Do I need to address all identified security risks?

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Before conducting meaningful security risk analysis of ePHI, it is important that practitioners clearly understand the terminologies:

Risk is the level of exposure and potential impact of threats on the confidentiality, integrity, and availability of electronic Protected Health Information (ePHI).

Threats are all factors that can have a negative impact on ePHI.

  Threats may be:

–  Intentional (e.g., malicious intent); or

–  Unintentional (e.g., misconfigured security role assignment in EHR system, data entry error).

Threat sources include:

– Natural (e.g., floods, earthquakes, storms, tornados);

–  Human (e.g., intentional, such as identity thieves, hackers, spyware authors; unintentional, such as data entry error, accidental deletions, improper disclosure); or

– Environmental (e.g., power surges and spikes, hazmat contamination pollution).

 Vulnerabilities are flaws or weaknesses in an EHR or PMS system’s security procedure, design, implementation, or control that could be intentionally or unintentionally exercised by a threat.

Impact is a negative quantitative and/or qualitative assessment of a vulnerability being exercised on the confidentiality, integrity, and availability of ePHI.

Covering how to identify security risks during your meaningful use security risk assessment process is beyond the scope of this article. Rather, our focus will be on strategizing how to address the identified risks. As demonstrated by recent announcements from major retailers and healthcare providers on data breaches, identifying security risks in the technology systems is only half the battle. Strategically addressing the risks identified in the risk analysis is the key to maintain the upper hand. The majority of risk identification will be focused on analyzing your different systems, including your EHR programs, network, wireless infrastructure, desktops/laptops, mobile devices, and other portable devices including USB thumb drive, backup tapes, etc.

In terms of addressing all identified risks, it’s effectively impossible to address all of them, as security experts generally agree that security threats are constantly evolving. For instance, by the time you have reasonably secured all desktops and laptops, your ePHI  also may be on mobile devices and/or with cloud service providers. It’s said in the industry that you cannot run a business with zero risk, and this notion very much applies to the information security risk area.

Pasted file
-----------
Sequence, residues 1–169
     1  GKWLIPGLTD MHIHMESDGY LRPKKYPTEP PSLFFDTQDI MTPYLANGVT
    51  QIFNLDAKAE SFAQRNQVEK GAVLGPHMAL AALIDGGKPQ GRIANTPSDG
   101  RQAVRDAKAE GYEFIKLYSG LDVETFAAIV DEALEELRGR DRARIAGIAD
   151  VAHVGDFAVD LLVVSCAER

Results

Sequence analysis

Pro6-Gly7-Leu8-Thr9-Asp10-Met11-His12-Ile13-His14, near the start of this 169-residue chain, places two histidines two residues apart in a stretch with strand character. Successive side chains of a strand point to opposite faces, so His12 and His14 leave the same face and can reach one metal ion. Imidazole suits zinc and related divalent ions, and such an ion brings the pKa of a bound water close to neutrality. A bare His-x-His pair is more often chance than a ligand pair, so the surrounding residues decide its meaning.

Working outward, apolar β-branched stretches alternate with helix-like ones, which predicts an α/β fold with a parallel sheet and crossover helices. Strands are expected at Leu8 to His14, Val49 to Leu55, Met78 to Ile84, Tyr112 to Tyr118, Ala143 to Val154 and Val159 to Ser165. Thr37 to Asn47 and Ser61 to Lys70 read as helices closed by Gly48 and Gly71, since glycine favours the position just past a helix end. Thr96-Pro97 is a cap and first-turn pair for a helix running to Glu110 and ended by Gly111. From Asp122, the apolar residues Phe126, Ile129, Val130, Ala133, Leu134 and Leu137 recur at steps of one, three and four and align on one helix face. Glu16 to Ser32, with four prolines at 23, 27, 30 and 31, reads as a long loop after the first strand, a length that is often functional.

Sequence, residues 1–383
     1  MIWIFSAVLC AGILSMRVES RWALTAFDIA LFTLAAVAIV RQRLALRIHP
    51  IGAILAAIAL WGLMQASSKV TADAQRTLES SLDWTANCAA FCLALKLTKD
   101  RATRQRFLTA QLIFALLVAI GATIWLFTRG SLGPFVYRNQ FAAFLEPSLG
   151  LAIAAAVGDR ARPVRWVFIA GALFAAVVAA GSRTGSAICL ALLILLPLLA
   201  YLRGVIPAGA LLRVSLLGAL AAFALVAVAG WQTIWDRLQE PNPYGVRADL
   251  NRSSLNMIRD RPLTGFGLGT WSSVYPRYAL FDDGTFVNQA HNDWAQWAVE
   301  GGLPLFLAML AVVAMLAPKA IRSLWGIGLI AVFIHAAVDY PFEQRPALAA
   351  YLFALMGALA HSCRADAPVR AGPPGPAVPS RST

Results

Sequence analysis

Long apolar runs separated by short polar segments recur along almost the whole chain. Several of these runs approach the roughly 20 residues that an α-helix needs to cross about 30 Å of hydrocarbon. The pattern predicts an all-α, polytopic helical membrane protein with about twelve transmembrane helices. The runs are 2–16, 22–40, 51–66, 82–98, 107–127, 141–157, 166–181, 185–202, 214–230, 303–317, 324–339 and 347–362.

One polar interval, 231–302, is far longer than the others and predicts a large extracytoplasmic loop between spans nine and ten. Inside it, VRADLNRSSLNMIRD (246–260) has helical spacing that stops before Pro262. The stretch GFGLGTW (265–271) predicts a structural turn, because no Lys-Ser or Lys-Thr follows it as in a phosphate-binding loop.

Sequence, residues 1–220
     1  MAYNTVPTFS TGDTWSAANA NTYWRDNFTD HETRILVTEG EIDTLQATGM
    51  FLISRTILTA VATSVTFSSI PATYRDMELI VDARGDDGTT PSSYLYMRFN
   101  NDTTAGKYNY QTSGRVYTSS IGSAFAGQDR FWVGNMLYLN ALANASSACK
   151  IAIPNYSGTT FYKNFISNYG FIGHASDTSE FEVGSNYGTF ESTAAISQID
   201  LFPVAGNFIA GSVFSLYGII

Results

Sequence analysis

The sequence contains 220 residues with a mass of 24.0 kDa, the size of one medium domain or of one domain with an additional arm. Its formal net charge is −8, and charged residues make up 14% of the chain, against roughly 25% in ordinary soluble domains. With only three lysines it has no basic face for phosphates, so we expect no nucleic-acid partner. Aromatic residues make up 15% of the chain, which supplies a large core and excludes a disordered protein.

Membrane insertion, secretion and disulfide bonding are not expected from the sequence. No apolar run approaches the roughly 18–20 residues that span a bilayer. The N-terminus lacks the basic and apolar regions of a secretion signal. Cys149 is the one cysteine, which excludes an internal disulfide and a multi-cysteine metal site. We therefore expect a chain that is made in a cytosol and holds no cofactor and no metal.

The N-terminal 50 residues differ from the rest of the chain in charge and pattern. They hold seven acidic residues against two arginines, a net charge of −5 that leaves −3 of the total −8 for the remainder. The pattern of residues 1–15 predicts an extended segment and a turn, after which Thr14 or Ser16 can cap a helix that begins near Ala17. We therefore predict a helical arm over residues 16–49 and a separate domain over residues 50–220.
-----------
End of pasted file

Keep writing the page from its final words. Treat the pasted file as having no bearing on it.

Prioritization of risk should take into account all information gathered and determinations made by analyzing the likelihood of threat occurrence and its resulting impact. The risk-level determination may be performed by assigning a risk-level based on the average of the assigned likelihood and impact levels. A risk-level matrix, such as the sample depicted below, can be used to assist in determining risk levels.

It’s possible for most organizations to address the risks using one or more of the following options:

  • By accepting the risks
  • By mitigating the risks
  • By transferring the risks

It should be noted that not all possible recommended security controls can always be implemented to reduce risks identified. To determine which are most required and appropriate, a cost-benefit analysis needs to be conducted for the recommended controls to demonstrate that the costs of implementing the controls will be justified by the reduction in the level of risk. In addition to cost, organizations should consider the operational impact and feasibility of introducing the recommended security controls into the operating environment.

Your overall objective for addressing any risks needs to be minimizing the probability and consequences of adverse events to your organization, along with managing the risks within acceptable levels

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  • Shasta Regional Medical Center Settles HIPAA Security Case for $275,000

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    Shasta Regional Medical Center (SRMC) has agreed to a comprehensive corrective action plan to settle an investigation by the U.S. Department of Health and Human Services (HHS) about potential violations of the Health Insurance Portability and Accountability Act (HIPAA) Privacy Rule and will pay a $275,000 monetary settlement.
    The HHS Office for Civil Rights (OCR) opened a compliance review of SRMC following a Los Angeles Times article which indicated two SRMC senior leaders had met with media to discuss medical services provided to a patient. OCR’s investigation indicated that SRMC failed to safeguard the patient’s protected health information (PHI) from impermissible disclosure by intentionally disclosing PHI to multiple media outlets on at least three separate occasions, without a valid written authorization. OCR’s review indicated that senior management at SRMC impermissibly shared details about the patient’s medical condition, diagnosis and treatment in an email to the entire workforce. Further, SRMC failed to sanction its workforce members for impermissibly disclosing the patient’s records pursuant to its internal sanctions policy.

    In addition to the $275,000 monetary settlement, a corrective action plan (CAP) requires SRMC to update its policies and procedures on safeguarding PHI from impermissible uses and disclosures and to train its workforce members. The CAP also requires fifteen other hospitals or medical centers under the same ownership or operational control as SRMC to attest to their understanding of permissible uses and disclosures of PHI, including disclosures to the media.

    Shasta agreement from EHR 2.0

    Last Updated on June 15, 2013 By databracketsIn Data Breach, Events, HIPAA/HITECH Compliance Assurance
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